“I’m an Asian-infused German-Colombian cocktail with American Accents”
I love to travel. I love to learn about people, cultures, languages and lifestyles. I carry with me the habits and customs that I have learned and enjoyed. I don’t embody a single identity, I do not have a single home. I’m in the pursuit of finding what is best for me and helping others do the same. In short, I just want to be present and see and experience as much as I can.
After two years of navigating blindly, returning to this one document that I wrote my senior year in high school, reminds me of what I want to do and why. I will post as much as I can offer on civic engagement possibilities, lifestyle tips that I have learned around the world. I also want to showcase other people’s recommendations. Please feel free to comment! This is meant to serve as a dialogue.
Bringing it back:
I was on my way to school two months ago when I noticed two scrawny Indian girls with dust-blackened faces, tangled hair, threadbare clothes and egg-white smiles beyond my car’s tinted window. They were a familiar sight on my way to school, but that day I felt strangely envious of their freedom. How was it that two impoverished girls in the middle of the streets looked to me as if they were freer than an expatriate in a chauffeured-driven car?
As a seventeen year old Colombian-German living in Delhi, I have the ability to plead indifference on local issues because I’m but a guest in the country. Still, it would be a careless, ignorant notion. Not a day in my life have I worried about finding a bridge to sleep under, or a chapatti to partake of, but that doesn’t mean that I don’t care. The degree of poverty in India is overwhelming; it can make anyone feel helpless, but for exactly one year now I’ve worked with Hope.
Hope Foundation Chennai runs orphanages for HIV positive children and runs local schools for slum kids. With my school peers, I traveled to Chennai in October 2007 and taught forty of the three hundred fifty slum children at a local school English, I played with twenty of the HIV positive orphans and visited a local leprosy colony in the outskirts of Chennai to see a little further into their lives. From here in Delhi, together with my peers, I’ve hosted fundraisers like ‘Month of Hope’ and awareness campaigns for HIV/AIDS like “Week of Hope” in an effort to improve the situation. In just three months, my school community managed to donate Rs 60,000 for the construction of a brand new school in Chennai, one that would accommodate eight hundred students, five hundred more than the current capacity. Although the contribution was a mere US$ 1,500, with our aid, the first phase of construction has begun.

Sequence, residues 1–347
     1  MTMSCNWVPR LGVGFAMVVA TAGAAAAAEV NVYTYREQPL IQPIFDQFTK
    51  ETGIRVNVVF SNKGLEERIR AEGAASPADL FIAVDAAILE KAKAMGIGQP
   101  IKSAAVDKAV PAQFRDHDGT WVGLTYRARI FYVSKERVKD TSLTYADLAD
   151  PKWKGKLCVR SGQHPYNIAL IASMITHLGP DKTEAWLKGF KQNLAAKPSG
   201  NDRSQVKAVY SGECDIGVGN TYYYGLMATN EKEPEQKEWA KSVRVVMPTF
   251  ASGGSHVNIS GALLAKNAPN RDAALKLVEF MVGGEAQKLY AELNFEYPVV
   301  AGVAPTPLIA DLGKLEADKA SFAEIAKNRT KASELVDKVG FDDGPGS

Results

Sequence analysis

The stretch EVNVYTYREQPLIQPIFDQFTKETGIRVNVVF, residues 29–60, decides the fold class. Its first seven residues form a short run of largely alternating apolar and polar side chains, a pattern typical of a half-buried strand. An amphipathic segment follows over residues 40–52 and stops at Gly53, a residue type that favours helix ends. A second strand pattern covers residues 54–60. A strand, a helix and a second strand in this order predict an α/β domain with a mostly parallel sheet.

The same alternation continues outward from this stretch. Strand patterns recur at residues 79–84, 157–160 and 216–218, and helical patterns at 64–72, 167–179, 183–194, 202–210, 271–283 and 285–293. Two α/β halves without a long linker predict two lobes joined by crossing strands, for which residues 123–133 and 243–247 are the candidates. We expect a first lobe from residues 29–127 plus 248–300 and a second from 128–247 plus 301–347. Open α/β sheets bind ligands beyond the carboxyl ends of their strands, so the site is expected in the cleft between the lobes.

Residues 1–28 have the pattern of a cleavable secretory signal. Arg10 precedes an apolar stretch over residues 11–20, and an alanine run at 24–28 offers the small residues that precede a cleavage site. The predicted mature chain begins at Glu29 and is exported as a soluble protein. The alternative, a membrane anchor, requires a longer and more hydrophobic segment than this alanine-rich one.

If I could, I’d eradicate poverty, I would personally donate the two million dollars needed to construct the whole school, but I can’t, I don’t have the means, not yet. For now I have to focus on IB, SAT I, SAT II, college applications and everything in between in the hopes that I will succeed.
I envied the two girls because I felt trapped. My mind was reeling and I longed for a fleeting moment the naïveté of a child, of those two girls.
The two Indian girls may not have to sit a five-hour exam, or confront the direct challenges of the digital world, but they are caged within this country, within their life and lack of opportunity. I’m bound now, but in college, will hopefully find the proper resources, the experience and knowledge to evoke hope in more than just my parents or myself.
I’m a small girl, I’m positive I’ll remain short but I refuse to let my experience go to waste. I was raised in developing Asian nations not to turn a blind eye, but to understand what lies ahead of me. I don’t know how to obliterate HIV/AIDS, cut corruption at the root or wipe out poverty. I might never know, but of one thing I am certain, I’m prepared to try.